10 College Basketball Players with the Most Work to Do Before Season Starts
We are officially just over two months away from the start of the college basketball season, and there remains a good deal of work still to be done by players across the country.
For some, the 2012-13 season will necessitate the transition from role player to leader. Others will need to balance the already overwhelming first semester of college with intensive time spent preparing for tipoff.
Here’s a look at 10 players who have a busy preseason of training and preparation ahead of them.
1. Seth Curry; Duke
I wrote this article about the Duke senior just over a month ago. To sum it up, Seth Curry’s role can no longer be as the team’s three-point shooter and occasional playmaker.
Incoming freshmen, Rasheed Sulaimon and Amile Jefferson, along with last year’s redshirts, Marshall Plumlee and Alex Murphy, should give Duke more top-to-bottom talent than they had in 2011-12. It also can’t hurt to lose Austin Rivers, who may have brought Duke more headaches than wins.
Curry was last year’s top scorer among Duke returners and, as such, will need to be the team’s most reliable player in the upcoming campaign.
2. Myck Kabongo; Texas
Highly-touted Canadian point guard, Myck Kabongo had a very average freshman season when you consider the expectations for theTop-15 high school player. While he did average over five assists per game, his scoring and efficiency left much to be desired.
Kabongo averaged 9.6 PPG and shot just 39 percent from the floor and 31.6 from three. He also committed three turnovers a game, although his 1.3 SPG paint the picture of your typical overzealous, hugely gifted teenager.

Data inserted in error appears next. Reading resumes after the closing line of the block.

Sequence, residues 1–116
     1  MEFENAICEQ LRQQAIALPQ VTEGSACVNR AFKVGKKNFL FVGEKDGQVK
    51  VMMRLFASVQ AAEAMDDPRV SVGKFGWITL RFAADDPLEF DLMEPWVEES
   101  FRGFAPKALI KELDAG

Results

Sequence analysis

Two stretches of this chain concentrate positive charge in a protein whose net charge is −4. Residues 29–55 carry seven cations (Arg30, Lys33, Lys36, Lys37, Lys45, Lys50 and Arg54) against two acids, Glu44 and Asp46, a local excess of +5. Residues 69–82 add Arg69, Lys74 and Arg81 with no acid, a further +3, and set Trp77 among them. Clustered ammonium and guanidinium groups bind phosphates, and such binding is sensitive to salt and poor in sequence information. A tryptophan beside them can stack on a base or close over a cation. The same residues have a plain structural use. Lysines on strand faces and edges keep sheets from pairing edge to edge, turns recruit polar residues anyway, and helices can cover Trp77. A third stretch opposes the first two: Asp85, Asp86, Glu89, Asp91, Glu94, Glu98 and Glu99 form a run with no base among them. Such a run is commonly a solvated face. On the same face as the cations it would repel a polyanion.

Texas lost their scoring leader from a season ago, J’Covan Brown, and will need a group effort to accumulate his 20.1 PPG. Improvements in the above areas would make Kabongo one of the leaders in this endeavor.
3. Kyle Wiltjer; Kentucky
As usual, Kentucky will rely on freshmen to carry them to the Final Four. Also as usual, Kentucky will need veterans to make meaningful contributions.
For most schools, the word “veteran” suggests a senior—or at least a junior. At a Calipari institution, anyone who has avoided the freshman 15 is eligible.
Kyle Wiltjer is not going to average 15 points a game or log 30 minutes (unless he does a lot of work before the season starts), but UK will need him to hit threes and snag rebounds.
Wiltjer played only 11 minutes per game last year, but averaged 4.1 shots. That shot-to-minute ratio is actually the highest of any player on Kentucky’s 2011-12 roster who averaged over five minutes a game, suggesting Wiltjer has significant value.
4. James Michael McAdoo; North Carolina
ESPN scouts ranked James Michael McAdoo as the number six recruit in the 2011 class.
In his first year with North Carolina, McAdoo scored 6.1 PPG over an average of 15.6 minutes. John Henson, Tyler Zeller, and Harrison Barnes dominated the playing time at the forward positions but, with all three now in the NBA, McAdoo will need to become North Carolina’s new dominant player on both sides of the ball.
McAdoo looked good over the last seven games last year (10.6 PPG, 4.8 REB) and will hopefully continue this growth during the next few months.
5. Adonis Thomas; Memphis
Adonis Thomas is another top-10 recruit from the Class of 2011.